ITC and WTO Partnership to Spell Greater Transparency for Global Cotton Sector

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portal
Photo credit: ITC

Producers, policy makers and traders will be able to boost their accessibility to the global cotton sector with a new digital tool created by the International Trade Centre (ITC) and the World Trade Organization (WTO).

At the WTO’s recent 11th Ministerial Conference in Buenos Aires, the ITC and the WTO introduced The Cotton Portal—a new online platform for cotton product market intelligence. The portal is expected to facilitate a more open cotton trading system by making cotton product trade information more transparent for the daily operations of industry members.

“The Cotton Portal will enable cotton producers and traders to harvest greater benefits from increased participation in global trade, particularly for least developed countries,” ITC executive director Arancha González said. “By making the sector more transparent, businesses will have easier access to trade and market intelligence, allowing them to add additional value to their exports.”

Designed for exporters, importers, stakeholders and trade support institutions, the portal enables them to search market requirements and business opportunities for global cotton products. The platform equips industry members with a single entry point for cotton market information available in ITC and WTO databases. On the portal, industry members have access to country-specific business contacts, development assistance-related information, market access, trade statistics and links to other cotton sector organizations.

[Read more about the cotton sector: Mozambique Wants to Be the First Country With 100 Percent Better Cotton]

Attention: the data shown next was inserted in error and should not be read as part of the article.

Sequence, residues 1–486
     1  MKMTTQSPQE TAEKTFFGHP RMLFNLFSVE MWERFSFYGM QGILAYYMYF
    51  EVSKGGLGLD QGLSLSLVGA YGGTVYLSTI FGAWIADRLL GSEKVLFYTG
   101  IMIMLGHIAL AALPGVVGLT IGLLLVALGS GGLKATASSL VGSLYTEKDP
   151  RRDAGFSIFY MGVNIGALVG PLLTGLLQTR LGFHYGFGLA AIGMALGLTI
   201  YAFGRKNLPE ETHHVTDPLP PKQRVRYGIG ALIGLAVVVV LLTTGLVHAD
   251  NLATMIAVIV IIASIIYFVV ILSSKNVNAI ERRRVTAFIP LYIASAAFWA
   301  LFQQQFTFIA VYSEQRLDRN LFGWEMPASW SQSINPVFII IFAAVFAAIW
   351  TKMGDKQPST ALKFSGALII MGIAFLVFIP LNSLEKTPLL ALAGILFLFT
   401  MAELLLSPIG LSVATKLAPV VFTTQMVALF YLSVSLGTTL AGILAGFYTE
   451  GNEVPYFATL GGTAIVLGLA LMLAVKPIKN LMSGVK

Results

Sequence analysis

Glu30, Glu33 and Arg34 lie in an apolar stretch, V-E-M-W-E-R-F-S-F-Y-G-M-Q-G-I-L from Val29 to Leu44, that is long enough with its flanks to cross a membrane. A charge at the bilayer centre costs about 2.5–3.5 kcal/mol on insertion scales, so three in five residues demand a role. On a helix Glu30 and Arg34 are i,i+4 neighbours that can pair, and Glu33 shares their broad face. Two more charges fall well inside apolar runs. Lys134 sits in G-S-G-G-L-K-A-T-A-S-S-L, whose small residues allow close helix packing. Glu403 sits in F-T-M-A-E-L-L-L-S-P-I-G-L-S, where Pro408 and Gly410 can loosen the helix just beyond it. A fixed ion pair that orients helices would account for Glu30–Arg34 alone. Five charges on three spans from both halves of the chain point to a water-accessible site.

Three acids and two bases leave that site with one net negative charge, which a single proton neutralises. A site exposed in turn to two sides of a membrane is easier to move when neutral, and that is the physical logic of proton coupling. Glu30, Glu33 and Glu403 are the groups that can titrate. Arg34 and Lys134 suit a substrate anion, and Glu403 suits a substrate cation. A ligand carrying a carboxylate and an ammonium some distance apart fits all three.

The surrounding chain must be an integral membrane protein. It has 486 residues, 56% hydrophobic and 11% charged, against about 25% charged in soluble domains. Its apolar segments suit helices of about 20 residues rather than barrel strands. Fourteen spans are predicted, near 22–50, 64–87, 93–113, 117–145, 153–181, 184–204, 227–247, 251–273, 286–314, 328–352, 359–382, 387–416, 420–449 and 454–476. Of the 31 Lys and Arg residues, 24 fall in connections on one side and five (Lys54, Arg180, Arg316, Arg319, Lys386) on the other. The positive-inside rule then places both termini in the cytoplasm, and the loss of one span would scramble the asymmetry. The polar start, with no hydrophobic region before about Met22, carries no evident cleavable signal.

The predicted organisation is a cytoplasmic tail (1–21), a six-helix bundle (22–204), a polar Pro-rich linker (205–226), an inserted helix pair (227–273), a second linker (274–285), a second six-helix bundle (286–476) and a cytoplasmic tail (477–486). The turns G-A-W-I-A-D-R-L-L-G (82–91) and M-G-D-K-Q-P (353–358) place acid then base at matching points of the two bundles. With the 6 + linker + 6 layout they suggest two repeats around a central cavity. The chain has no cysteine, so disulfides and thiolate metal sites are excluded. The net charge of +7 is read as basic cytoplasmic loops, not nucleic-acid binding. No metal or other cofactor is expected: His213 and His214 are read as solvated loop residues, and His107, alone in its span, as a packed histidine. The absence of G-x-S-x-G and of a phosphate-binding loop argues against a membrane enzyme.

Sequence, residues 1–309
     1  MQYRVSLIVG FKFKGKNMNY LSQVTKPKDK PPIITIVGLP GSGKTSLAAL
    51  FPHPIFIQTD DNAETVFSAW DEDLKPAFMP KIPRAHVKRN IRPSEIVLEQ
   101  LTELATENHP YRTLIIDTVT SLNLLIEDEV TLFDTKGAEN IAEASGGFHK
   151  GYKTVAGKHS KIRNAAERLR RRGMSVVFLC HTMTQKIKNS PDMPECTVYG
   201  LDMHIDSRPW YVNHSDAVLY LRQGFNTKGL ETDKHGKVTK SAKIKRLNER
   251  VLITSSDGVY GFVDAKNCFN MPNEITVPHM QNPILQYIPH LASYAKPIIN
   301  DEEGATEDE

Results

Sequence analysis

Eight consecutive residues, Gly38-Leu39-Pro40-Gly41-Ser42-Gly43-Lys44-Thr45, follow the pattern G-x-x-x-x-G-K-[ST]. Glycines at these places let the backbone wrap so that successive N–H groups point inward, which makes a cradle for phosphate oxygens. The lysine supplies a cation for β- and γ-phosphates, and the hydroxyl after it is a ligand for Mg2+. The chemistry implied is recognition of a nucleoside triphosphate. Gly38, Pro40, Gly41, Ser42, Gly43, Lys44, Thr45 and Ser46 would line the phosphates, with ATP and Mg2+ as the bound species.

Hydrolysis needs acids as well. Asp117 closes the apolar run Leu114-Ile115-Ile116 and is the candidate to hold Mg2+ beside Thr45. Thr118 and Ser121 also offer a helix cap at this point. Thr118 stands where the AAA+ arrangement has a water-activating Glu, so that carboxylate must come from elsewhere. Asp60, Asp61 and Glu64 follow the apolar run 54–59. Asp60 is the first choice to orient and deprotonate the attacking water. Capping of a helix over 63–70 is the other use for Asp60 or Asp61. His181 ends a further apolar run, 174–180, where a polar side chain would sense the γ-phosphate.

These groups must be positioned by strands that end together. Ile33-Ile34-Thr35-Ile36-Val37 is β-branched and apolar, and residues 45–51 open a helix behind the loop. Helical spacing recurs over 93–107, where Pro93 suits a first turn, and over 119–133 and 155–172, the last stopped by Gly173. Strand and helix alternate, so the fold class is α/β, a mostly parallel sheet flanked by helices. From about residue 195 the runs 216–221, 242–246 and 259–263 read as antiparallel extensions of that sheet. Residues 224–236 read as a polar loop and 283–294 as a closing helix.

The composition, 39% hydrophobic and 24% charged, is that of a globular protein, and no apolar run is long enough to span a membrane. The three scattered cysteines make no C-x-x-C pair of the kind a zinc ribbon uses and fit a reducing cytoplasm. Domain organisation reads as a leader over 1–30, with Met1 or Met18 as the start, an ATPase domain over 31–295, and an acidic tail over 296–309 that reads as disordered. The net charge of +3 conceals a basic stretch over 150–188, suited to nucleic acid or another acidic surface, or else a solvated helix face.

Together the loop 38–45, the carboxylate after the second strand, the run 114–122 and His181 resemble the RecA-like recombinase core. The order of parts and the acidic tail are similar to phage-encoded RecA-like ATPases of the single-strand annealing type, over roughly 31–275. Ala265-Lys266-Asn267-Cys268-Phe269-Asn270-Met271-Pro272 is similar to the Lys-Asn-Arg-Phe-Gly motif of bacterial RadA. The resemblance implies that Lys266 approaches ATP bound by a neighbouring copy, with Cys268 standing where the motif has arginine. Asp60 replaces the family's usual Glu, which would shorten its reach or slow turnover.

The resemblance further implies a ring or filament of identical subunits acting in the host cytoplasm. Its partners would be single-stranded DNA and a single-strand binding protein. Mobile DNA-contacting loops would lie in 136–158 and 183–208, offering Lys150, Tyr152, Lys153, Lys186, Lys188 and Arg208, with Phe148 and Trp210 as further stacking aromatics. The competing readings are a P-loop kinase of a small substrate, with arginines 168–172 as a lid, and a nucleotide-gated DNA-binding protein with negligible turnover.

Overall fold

Cotton has been a major part of the WTO agenda for the past 14 years.

In 2003, four African cotton-producing countries, including Benin, Burkina Faso, Chad and Mali, introduced a Sectoral Initiative on Cotton, which called for cotton subsidies to be eliminated, since they were believed to cause economic hardship for those nations.

Twelve years later, in 2015, the Nairobi Ministerial Decision on Cotton was proposed to the WTO—highlighting the importance of growing cotton industries in developing nations, in addition to improving market access for these poverty-stricken countries, reforming domestic support and terminating export subsidiaries. With the cotton portal, the Nairobi decision will take form, enabling industry members to analyze market access issues for cotton products and develop solutions to remedy them.

“Today’s launch is an important addition to our efforts in helping the cotton community achieve their development goals,” WTO director-general Roberto Azevêdo said. “By gathering all the relevant information, it means that we can better monitor the implementation of the market access commitments made by members in Nairobi.”

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